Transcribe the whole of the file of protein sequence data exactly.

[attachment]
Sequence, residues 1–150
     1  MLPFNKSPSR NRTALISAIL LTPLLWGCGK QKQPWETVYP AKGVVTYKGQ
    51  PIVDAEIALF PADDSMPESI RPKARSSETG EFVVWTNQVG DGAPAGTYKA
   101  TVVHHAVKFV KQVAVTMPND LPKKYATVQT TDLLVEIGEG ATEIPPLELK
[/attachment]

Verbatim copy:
Sequence, residues 1–150
     1  MLPFNKSPSR NRTALISAIL LTPLLWGCGK QKQPWETVYP AKGVVTYKGQ
    51  PIVDAEIALF PADDSMPESI RPKARSSETG EFVVWTNQVG DGAPAGTYKA
   101  TVVHHAVKFV KQVAVTMPND LPKKYATVQT TDLLVEIGEG ATEIPPLELK